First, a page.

MINNEAPOLIS — Nina Badzin has given friendship a lot of thought.
The Minneapolis woman has written an online advice column on the topic for years, dishing out guidance on how to develop deeper relationships or dealing with a passive-aggressive friend.
However, as pandemic stress and online-only interactions have tested so many of our bonds in the past year, even Badzin found herself overthinking her connections to her besties.
“I definitely felt this — texting and people not responding as quickly as time went on in each group text,” she said. “Like you might say something that you thought was funny or you thought was relevant — and it’s just like crickets.”
Now that she’s able to see her friends face to face, things are easier, Badzin said. But the transition back to a robust social life is proving to be far from seamless for many of us.
Reviving friendships that were largely put on hold — aside from an initial flurry of video chats or Zoom happy hours — can feel awkward. And some people are even taking stock of and reconsidering their relationships.
“I know it’s been on a lot of people’s minds,” said Tampa-based friendship coach Danielle Bayard Jackson. “The weather is warming up, people are getting vaccinated, but what does that mean for my friendships? Do I hit pause, do I hit play?”
The pandemic changed our lives and, in many cases, compressed our social circles. Now that we’re emerging, it’s natural to reassess our priorities, values and even our budgets before jumping back in to old routines. But friendship experts say it’s a good idea to keep an open mind when reassessing our friendships.
If a friendship is valuable to you, it’s worth reaching out, even if your texts sometimes went unanswered or invitations were turned down. If you feel like you’re the one who dropped the ball but want to revive the friendship, an apology be in order.
“Struggling to figure out how to interpret the distance this past year might be a challenge, but I really do think it’s a matter of showing each other a little grace,” said Bayard Jackson.
In one column, Badzin offered classic example of a pandemic friendship struggle. A reader wrote that their close friends seemed to have vanished, and added: “It dawned on me that this pandemic could be a chance to sort out who my real friends are. What do you think?”
Badzin counseled anyone considering making a list and crossing out names to hit pause.
“In a time of crisis, I don’t think it’s a great time to make decisions about who you want to stay friends with,” she said.
Shasta Nelson, author of “Frientimacy: How to Deepen Friendships for Lifelong Health and Happiness,” has noticed a dichotomy in how we see our friends right now. While some are interpreting dropped communications as a slight, others have more “gracious responses,” she said, taking into account that we’ve been through trying times.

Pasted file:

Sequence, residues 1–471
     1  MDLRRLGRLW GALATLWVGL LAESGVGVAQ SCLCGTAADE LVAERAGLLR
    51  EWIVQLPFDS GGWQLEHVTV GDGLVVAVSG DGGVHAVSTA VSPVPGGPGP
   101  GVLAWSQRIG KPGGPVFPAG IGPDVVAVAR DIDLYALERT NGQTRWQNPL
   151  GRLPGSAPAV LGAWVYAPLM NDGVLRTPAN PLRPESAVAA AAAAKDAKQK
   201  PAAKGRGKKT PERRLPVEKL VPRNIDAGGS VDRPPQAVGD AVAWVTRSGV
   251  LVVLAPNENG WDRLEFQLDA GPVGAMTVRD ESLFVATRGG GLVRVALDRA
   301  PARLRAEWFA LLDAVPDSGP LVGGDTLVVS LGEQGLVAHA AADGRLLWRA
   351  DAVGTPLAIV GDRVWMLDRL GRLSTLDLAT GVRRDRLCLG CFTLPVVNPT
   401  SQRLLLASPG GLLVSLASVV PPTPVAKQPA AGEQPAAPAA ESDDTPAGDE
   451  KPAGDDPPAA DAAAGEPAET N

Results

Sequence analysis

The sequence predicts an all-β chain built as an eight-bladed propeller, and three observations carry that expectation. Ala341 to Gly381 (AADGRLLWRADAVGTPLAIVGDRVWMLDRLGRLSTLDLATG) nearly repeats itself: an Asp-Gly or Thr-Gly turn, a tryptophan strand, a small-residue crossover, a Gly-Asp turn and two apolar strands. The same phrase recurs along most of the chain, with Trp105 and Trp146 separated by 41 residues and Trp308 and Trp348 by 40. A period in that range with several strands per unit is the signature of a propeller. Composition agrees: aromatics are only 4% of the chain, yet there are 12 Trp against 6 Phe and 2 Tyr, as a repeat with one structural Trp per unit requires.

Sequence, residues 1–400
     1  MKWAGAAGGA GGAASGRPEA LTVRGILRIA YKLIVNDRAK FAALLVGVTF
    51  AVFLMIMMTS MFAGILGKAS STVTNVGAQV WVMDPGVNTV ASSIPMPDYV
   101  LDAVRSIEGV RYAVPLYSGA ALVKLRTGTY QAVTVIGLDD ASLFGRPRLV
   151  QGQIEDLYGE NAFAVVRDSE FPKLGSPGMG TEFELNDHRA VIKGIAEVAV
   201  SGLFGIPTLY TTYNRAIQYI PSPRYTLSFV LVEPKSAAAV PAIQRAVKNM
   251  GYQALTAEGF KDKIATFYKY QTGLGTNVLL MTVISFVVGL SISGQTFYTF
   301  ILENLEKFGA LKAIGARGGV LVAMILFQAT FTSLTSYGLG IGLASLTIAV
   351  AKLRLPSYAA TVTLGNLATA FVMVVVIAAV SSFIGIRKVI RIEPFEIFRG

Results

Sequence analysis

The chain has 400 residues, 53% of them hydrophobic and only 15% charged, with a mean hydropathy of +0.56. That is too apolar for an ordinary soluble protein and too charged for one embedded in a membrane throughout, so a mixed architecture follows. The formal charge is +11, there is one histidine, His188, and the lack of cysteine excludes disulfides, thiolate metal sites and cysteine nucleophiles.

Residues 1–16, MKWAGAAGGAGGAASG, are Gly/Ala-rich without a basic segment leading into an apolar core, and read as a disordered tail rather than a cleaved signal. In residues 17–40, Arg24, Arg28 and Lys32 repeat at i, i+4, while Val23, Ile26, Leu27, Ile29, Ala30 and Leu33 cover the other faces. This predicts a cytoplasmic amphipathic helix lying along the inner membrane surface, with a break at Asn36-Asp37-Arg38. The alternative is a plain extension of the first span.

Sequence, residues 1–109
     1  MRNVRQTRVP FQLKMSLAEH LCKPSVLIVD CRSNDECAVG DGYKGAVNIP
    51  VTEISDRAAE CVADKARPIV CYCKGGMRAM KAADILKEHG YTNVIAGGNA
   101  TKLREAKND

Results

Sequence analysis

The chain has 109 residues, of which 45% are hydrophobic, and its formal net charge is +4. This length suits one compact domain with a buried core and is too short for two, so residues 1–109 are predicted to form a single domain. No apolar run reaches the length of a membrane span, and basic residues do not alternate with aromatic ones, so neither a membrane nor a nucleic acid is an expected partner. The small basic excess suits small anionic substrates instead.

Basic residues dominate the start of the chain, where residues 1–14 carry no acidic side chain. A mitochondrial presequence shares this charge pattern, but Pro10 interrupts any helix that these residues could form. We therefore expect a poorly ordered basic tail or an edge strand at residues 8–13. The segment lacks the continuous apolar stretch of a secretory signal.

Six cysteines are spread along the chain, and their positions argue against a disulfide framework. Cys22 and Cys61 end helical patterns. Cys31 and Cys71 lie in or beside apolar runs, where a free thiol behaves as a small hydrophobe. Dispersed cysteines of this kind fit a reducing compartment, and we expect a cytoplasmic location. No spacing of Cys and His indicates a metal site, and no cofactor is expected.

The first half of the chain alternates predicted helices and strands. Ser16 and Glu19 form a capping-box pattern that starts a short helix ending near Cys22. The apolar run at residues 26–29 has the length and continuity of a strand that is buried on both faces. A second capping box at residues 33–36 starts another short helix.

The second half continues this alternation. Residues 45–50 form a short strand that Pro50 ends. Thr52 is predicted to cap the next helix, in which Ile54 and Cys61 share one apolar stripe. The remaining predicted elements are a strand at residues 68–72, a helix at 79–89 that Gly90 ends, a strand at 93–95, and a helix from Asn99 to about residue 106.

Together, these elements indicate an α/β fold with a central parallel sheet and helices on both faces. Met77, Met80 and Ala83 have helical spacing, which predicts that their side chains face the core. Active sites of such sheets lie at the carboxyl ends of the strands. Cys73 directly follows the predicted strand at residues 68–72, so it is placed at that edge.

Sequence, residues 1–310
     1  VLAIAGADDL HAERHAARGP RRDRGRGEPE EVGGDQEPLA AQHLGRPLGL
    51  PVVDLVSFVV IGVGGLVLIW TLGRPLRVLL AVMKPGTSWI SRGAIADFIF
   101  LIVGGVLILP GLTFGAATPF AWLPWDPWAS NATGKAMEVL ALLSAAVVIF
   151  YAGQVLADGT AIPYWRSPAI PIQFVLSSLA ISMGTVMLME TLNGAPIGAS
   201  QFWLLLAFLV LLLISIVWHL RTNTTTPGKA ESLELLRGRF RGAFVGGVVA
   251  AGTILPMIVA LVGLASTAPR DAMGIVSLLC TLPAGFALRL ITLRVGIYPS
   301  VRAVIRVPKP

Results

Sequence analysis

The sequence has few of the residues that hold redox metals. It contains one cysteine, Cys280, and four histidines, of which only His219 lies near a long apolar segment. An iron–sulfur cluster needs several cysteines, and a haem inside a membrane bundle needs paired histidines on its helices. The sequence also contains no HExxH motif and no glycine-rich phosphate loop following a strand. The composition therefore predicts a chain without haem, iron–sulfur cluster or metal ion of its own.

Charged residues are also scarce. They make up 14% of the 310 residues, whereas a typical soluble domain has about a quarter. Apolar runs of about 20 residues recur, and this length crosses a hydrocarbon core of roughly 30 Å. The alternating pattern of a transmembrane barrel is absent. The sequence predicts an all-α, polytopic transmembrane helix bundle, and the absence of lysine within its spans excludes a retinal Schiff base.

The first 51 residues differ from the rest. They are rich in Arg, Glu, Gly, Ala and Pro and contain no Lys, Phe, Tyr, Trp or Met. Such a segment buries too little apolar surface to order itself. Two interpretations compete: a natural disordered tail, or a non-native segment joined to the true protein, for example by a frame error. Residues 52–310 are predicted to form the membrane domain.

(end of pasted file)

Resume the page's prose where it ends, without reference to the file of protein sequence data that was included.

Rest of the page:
“If our friends didn’t reach out to us, it doesn’t mean they’re a bad friend,” she said. “It means they were underwater, it means they were exhausted, it means they were overwhelmed,” said Nelson, who lives in San Francisco.
If you want to reach out to a friend you’ve lost touch with, Nelson suggests a loose script for text or voice mail:
In the first sentence, offer a warm affirmation, like: “You’ve been so thought of, or you’ve been so missed,” she said.
Then, take ownership for the situation: She suggests a line like, “I’m so sorry that my bandwidth was such that we’ve lost touch,” or “I’m so sorry, I just got so overwhelmed and I haven’t done a good job staying in touch with friends,” or even, “I’m just so sorry we haven’t seen each other.”
State your goal: “Coming out of this, you’re one of the people I want to reconnect with.”
Finally, close with a specific invitation to get together, with the caveat that you understand if it’s not a good time.
“Just let it be a compliment that we reached out to them, don’t do it as a test that they need to respond to right now,” Nelson said. “We have to remind ourselves that we’ve gone eight months without reaching out to them, so it’s OK if they didn’t hit the moment that they’re ready to re-engage and start socializing right at the exact same time we did.”
According to a University of Kansas friendship study in 2018, it takes 200 hours together to form a close friendship. After weathering the pandemic, which limited opportunities to connect, even friendships with a strong foundation may need some TLC, said Badzin.
“There’s been a freeze. You have to make an effort to put in more time.” A friendship, she said, “cannot just exist on texts alone, especially if you live in the same town.”
That’s why Nelson believes that reaching out to those who matter to you is important.
“In all of my research around everything that builds a bond in a relationship, you have to have three things present for that relationship to feel meaningful and supportive: positive emotions, consistent interactions or shared experiences, and then vulnerability where we both feel seen,” she said.
“You can see quickly how if you don’t have the consistent time, like if you’re just texting once every couple months or whatever, it’s almost impossible to have the other two things happen.”
Nelson is in the process of reconnecting with many of her friends this summer. But she’s taking her time, taking a mindful approach and not necessarily ramping up her social life to its pre-COVID pace.
“In my own life, I feel like my appetite for connection has shrunk in the last year, and I’m not entirely sure that my personal goal is to just increase my appetite again and reach every single person,” she said. “Maybe I need fewer, closer friends than just acquaintances everywhere.”